We live in a society that is constantly yearning and looking for new ideas and inspiration so it is vital you make sure you are part of people’s conversation and give consumers something to talk about.
Competition is also harder than ever before with the foodie phenomenon growing and an ever expanding number of self-acclaimed restaurant critics ready to pounce and review your restaurant at the first opportunity possible; this could be a good or a bad thing.
In order to get noticed it is vital that you:
1.Utilise social media
Social media can no longer be ignored. It is imperative your restaurant has its own social channels it you want to have any chance of standing up against the competition and attracting young enthusiastic foodies who will be happy to shout about your restaurant (provided you impress them!) on their own social media channels expanding your reach further than ever imagined.
Your restaurant doesn’t necessarily have to be on every platform going but Instagram is key.
Instagram now has over 400 million users, 14 million of these users living in the UK, and therefore potential customers of yours. Due to its aesthetic nature, it provides great scope for you to be artistic and really show off your food, drinks, interiors, chefs at work and so on.
As fun as Instagram can be, it is also important to plan your content carefully and think about the tone your audience will want you to take. Are you a fun restaurant disrupting the marketplace? Then edgy pictures and silly captions will work for your target audience. If you’re sophisticated and aiming at the higher end, classy and aspirational images providing a detailed insight in to the experience customers will receive will probably be better for you.
They all announce new menu items and special on their pages create hype and urgency to visit, they all show behind the scene images providing insight in to the ingredients that go in to their dished and their staff’s daily duties, they announce news such as change to opening times and new openings, they all speak in the tone of their target audience and so on.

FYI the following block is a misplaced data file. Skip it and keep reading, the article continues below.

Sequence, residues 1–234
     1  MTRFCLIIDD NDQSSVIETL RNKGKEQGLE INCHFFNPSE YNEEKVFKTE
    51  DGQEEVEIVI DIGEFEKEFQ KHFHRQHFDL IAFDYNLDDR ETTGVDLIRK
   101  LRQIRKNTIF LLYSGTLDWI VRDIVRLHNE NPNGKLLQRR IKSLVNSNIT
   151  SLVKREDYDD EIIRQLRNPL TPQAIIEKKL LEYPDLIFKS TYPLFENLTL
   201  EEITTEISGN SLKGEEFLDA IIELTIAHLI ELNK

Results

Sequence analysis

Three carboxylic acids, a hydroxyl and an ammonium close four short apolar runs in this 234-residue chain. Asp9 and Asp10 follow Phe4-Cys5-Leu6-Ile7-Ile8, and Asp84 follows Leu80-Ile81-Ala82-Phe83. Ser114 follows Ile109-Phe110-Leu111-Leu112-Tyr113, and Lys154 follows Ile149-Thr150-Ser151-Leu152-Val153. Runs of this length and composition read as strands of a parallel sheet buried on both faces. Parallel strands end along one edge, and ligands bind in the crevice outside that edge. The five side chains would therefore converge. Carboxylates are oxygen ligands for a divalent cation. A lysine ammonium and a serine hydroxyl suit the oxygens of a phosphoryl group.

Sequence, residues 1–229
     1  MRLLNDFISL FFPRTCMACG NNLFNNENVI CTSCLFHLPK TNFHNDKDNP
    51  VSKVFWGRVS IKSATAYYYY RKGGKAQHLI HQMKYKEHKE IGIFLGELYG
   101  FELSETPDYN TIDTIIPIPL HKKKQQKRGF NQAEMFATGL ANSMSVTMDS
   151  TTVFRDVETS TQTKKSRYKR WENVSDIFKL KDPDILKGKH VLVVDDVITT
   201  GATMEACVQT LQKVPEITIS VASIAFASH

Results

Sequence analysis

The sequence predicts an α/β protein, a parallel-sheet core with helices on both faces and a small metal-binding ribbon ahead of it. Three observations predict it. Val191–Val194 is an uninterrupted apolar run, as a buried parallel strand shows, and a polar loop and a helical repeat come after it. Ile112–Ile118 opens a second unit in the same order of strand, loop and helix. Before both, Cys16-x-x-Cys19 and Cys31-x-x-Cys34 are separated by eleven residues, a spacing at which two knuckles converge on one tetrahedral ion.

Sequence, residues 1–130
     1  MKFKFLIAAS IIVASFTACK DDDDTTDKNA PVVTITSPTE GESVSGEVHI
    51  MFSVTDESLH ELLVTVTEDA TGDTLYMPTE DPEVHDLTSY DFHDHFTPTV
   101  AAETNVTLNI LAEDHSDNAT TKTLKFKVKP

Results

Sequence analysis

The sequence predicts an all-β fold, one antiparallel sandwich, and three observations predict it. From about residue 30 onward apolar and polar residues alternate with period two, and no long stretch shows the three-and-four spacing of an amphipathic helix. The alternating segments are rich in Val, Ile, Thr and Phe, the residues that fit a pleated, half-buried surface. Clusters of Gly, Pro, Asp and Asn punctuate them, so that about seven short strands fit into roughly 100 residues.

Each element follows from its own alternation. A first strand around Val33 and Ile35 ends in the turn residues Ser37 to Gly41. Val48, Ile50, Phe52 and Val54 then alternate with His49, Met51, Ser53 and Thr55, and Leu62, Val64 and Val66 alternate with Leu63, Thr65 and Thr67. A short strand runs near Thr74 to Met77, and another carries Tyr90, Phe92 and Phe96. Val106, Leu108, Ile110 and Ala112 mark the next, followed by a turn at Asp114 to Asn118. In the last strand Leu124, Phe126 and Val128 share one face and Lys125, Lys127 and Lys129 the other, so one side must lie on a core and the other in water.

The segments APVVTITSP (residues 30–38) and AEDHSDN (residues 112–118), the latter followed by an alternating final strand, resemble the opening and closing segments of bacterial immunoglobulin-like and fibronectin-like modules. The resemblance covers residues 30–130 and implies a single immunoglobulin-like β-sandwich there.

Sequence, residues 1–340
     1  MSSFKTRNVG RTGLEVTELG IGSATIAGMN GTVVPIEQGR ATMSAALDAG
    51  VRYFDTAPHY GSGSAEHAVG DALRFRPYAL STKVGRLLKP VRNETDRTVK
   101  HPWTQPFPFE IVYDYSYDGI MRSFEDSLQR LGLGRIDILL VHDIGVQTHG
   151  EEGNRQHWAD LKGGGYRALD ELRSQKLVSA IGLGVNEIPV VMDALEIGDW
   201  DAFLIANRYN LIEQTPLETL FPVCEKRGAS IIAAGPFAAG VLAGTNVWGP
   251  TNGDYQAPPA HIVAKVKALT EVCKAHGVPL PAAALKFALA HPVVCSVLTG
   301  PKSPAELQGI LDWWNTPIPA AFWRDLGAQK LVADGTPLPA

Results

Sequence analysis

2. Speak with key influencers
Build up rapport and a good relationship with these people. They have the power to create hype and make your restaurant ‘the place to be’.
Learn who they are, get in contact with them and invite them down to your restaurant to review their experience. Some influencers might want payment but others will just be happy with an evening on the house.
By key influencers, we mean people that have large loyal followings to go to for information and decision planning and this can therefore be everything from well-known publications, both in print and online, to bloggers, Instagrammers and critics.
An example of some key influencers are Time Out magazine, a magazine aimed at 18 – 35 year olds interested in quirkier things to do, food blogger CertifiedNosh and Grace Dent, food critic for the Independent and the Evening Standard
Celebrities are just as important too. Invite them down, give them five-star treatment and get them talking about their meal and get them coming back!
3. Competitions / free food
The best way to get people in to your restaurant is to give them free food. People love a freebie and they certainly love free food!
By making customers feel like they are getting a great deal you will attract the crowds and naturally word of mouth and spreading the word on social media too.
In order to qualify for free food, you can get people to post something on Twitter or Instagram, leave a review, tag a friend in a picture and so on. There are countless mechanisms that can be used to get people chatting about you which will consequently result in popularity.
This is a tactic we use for a lot of our clients from driving schools to fashion brands and really works to not only drive engagement online but also bring the crowds down to you and raise awareness of your existence and great food.
4. React to relevant stories in the news
As a PR agency we are constantly monitoring the news for any stories that are relevant to our clients or which we feel our clients are expertly placed to comment on.
Recently, for example, a big story has been about ministers being concerned about double tipping to due service charges being automatically added to bills in restaurants, as covered here by the Telegraph. If this is a topic you have on opinion on there is no reason why you shouldn’t be expertly placed to comment on TV, the radio or in written articles regarding the subject. Look out for these opportunities and get in touch with the right people to secure an opportunity.
We are also constantly speaking with journalists and keeping on top of forward features lists.
We have great mutual relationships with them where we provide the content they are after.
5.Ask for reviews!
Incentivise your guests to review their meal after visiting you. This can be on your website or on popular review websites such as Trip Advisor, Trust Pilot, Checkatrade, Yelp and Facebook.
Top 5 PR tips for Restaurant owners